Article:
Vaccine

The coronavirus vaccine leaves a slight imprint in the skin.

Clatsop County teenagers under 18 will soon be eligible for vaccination against the coronavirus at county clinics.

All Oregonians 16 and older became eligible for vaccination on Monday. However, the Pfizer-BioNTech vaccine is the only vaccine approved for 16- and 17-year-olds. The only place in the county that administers the vaccine is the Fred Meyer pharmacy in Warrenton.

The county’s vaccine task force anticipates Pfizer doses will be available through the county the week of May 10. The task force is developing a plan for vaccination events. Parents can call the county’s public information call center beginning Monday to register their 16- and 17-year-olds.

Pfizer has requested emergency approval of its vaccine to be administered to children 12 to 15. The U.S. Food and Drug Administration is expected to give authorization in mid to late May. The county task force is preparing to vaccinate children 12 to 15 at that time.

“As we get into where we’re using the Pfizer vaccine, and making it available to 16- and 17-year-olds, and then probably younger people, we do anticipate that a lot of parents are going to want to come at the same time and get vaccinated with their kids,” said Chris Laman, the director of pharmacy and cancer center services at Columbia Memorial Hospital in Astoria, who is leading the county’s vaccine task force.

“The Moderna vaccine, the first dose is given and then the second dose is given 28 days later. With the Pfizer vaccine, the first dose is given and then the second dose is given 21 days later. So it would be really inconvenient for a parent to get a different shot than a child if you’re going to try to keep both of them on the same schedule. So we do anticipate that we’ll have Pfizer clinics where children and parents can come together and get the shot.”

Laman said the goal is to have evening and weekend clinics to accommodate family schedules.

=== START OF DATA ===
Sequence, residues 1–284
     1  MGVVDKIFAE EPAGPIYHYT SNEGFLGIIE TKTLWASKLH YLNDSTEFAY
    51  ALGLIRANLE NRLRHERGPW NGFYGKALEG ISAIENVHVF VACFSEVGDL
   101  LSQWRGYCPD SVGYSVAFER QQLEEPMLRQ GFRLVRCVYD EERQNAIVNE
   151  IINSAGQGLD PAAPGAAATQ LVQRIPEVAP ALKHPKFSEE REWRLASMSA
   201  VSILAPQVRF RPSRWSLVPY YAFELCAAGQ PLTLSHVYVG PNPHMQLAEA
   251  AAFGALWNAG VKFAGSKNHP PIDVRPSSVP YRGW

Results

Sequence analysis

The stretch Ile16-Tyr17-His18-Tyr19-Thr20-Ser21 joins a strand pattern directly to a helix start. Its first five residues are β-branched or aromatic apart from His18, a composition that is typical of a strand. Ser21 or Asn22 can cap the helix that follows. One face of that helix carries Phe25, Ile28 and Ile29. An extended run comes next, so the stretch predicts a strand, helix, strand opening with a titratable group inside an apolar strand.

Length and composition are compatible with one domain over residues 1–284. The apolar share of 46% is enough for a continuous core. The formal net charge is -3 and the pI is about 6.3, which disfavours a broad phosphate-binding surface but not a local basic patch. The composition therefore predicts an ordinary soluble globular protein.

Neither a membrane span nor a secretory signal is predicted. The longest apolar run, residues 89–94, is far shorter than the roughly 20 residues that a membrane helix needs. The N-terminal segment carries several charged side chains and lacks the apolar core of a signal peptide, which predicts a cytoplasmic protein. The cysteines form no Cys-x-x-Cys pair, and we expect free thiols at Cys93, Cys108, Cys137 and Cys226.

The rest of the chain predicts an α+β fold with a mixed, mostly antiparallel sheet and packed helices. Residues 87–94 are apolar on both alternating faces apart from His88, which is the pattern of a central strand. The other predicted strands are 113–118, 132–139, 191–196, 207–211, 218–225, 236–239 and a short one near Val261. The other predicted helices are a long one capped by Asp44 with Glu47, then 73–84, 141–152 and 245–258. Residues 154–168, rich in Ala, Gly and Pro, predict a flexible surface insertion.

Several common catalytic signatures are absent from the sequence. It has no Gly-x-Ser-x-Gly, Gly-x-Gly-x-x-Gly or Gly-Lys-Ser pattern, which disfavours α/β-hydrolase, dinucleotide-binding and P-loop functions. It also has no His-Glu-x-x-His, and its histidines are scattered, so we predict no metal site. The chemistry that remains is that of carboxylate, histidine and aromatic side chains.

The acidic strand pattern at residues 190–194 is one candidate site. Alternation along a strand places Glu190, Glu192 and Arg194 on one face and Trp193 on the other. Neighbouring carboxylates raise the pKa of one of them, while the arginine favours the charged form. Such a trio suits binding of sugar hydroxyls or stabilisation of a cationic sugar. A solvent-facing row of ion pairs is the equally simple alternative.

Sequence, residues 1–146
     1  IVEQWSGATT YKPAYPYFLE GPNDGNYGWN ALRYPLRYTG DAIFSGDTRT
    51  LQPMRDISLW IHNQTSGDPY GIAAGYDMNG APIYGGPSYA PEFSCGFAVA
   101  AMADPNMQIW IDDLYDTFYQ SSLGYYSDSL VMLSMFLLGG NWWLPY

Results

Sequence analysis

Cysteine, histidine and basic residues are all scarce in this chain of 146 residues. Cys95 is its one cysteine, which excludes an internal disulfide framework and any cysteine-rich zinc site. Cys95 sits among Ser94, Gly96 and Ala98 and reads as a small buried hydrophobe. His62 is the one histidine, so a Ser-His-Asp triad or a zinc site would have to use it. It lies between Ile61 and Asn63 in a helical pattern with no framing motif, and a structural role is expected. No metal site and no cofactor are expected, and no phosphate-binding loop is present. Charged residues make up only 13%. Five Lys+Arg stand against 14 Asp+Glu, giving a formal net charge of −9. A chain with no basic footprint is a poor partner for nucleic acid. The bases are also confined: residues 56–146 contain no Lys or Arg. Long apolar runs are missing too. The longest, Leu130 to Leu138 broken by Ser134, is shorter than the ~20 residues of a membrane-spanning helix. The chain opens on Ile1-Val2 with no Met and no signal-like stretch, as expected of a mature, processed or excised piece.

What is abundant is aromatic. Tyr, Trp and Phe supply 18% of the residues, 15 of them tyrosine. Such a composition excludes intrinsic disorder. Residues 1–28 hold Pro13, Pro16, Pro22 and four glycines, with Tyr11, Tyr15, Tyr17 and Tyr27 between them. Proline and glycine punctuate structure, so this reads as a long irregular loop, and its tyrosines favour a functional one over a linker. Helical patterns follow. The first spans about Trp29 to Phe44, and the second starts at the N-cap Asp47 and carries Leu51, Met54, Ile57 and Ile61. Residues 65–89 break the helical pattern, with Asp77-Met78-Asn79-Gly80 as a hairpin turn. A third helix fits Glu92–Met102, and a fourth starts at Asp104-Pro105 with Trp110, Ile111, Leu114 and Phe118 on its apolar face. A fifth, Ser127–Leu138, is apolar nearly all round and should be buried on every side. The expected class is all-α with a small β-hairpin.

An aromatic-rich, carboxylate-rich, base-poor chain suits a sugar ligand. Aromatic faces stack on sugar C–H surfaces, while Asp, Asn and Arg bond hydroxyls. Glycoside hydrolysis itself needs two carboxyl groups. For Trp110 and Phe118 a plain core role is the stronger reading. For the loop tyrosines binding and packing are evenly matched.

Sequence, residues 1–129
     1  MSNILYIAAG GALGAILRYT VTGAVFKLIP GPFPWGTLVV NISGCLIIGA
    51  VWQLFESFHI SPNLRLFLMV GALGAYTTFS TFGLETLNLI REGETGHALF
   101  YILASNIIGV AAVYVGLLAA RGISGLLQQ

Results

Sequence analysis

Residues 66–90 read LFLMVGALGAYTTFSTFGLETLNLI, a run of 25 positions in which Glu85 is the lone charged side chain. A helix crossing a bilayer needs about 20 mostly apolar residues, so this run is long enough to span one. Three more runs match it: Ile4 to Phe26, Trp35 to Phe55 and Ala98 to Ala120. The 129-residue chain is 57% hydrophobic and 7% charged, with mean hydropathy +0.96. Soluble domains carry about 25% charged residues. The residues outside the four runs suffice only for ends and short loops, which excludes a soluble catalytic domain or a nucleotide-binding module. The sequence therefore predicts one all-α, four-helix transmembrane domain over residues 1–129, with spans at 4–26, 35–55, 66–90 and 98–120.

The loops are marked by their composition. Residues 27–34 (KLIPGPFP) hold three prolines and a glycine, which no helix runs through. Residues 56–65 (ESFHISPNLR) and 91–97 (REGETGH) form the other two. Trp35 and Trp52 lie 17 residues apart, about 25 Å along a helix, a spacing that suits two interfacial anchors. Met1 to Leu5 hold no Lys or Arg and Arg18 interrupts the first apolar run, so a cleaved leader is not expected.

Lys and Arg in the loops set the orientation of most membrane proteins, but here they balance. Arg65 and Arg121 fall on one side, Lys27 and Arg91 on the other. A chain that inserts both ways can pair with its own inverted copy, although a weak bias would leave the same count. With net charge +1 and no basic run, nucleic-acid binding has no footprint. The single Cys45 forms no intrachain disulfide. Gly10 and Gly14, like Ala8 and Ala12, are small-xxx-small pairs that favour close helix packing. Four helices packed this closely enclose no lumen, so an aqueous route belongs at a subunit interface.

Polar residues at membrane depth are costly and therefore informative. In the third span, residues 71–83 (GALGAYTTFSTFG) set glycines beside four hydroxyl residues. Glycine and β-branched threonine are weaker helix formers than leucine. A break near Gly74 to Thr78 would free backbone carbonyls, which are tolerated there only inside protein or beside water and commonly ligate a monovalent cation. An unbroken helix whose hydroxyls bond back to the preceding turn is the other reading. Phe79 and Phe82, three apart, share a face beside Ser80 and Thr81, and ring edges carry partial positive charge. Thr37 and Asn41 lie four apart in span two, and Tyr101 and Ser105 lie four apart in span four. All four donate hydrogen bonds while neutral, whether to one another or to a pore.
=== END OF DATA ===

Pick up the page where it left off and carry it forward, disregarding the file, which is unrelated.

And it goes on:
Virtual listening sessions

Laman joined Margo Lalich, the county’s interim public health director, along with local doctors and Clatsop Community Action to discuss vaccine plans and answer questions from the public on Wednesday and Thursday evenings via Facebook and Instagram.

The county plans on hosting the virtual listening sessions in English and Spanish over the next few weeks.

Laman said the listening sessions are to answer questions and hear feedback on how the task force can improve outreach to younger people.

The county had about 300 spots at vaccination clinics that went unfilled over the past week. Laman said the task force is careful in the way it draws up doses, and will use the 300 unused doses at clinics in the coming week.

The task force anticipates the Food and Drug Administration will allow use of the Johnson & Johnson vaccines to resume. The county still has doses of the one-dose vaccine and plans on administering the vaccine to people who have difficulty getting to regularly scheduled vaccination clinics.

About 40% of people in the county have had at least one dose of a vaccine, according to the task force, and 87% of residents 70 and older are fully vaccinated.

As of Friday, 25,675 vaccine doses were administered in the county, and 9,440 people were fully vaccinated. The county’s goal to reach herd immunity against the virus is vaccinating 27,533 people.

Brown’s warning

Meanwhile, Gov. Kate Brown on Friday warned counties of tighter restrictions to come in light of a fourth surge of the virus across Oregon.

“In the race between vaccines and variants, the variants are gaining ground and have the upper hand,” Brown said during a press conference. “Today’s cases topped a thousand, with Oregon now ranking second in the nation for having the most rapid growth of infection spread. Our doctors and nurses are once again overwhelmed. Our hospitals are about to surpass 300 patients who are positive for COVID-19, crossing the threshold to place several of our counties into extreme risk.”

The governor said the state will analyze the data again early next week to see which counties may need to move into extreme risk. If necessary, she said she will cancel the warning week, moving the counties into extreme risk on Friday.

“Please know this is not a step I take lightly,” Brown said. “However, it could be the last time we need to impose this level of restrictions, given our vaccination trends and the virus’s behavior.

“Vaccines are the absolute key to moving Oregon forward. The overwhelming majority of our new COVID-19 cases and hospitalizations are people who have not yet been vaccinated. We are seeing younger Oregonians in the hospital now, as well as people who had no underlying health conditions.

“I do think with all of us working together that we can get to a place where we lift most restrictions and fully reopen our economy no later than the end of June. Common-sense safety measures like mask wearing and maintaining 6 feet of distance will need to stay in place. We all need to make smart choices over the next several weeks so that we can move forward and into post-pandemic life.”

Nicole Bales is a reporter for The Astorian, covering police, courts and county government. Contact her at 971-704-1724 or nbales@dailyastorian.com.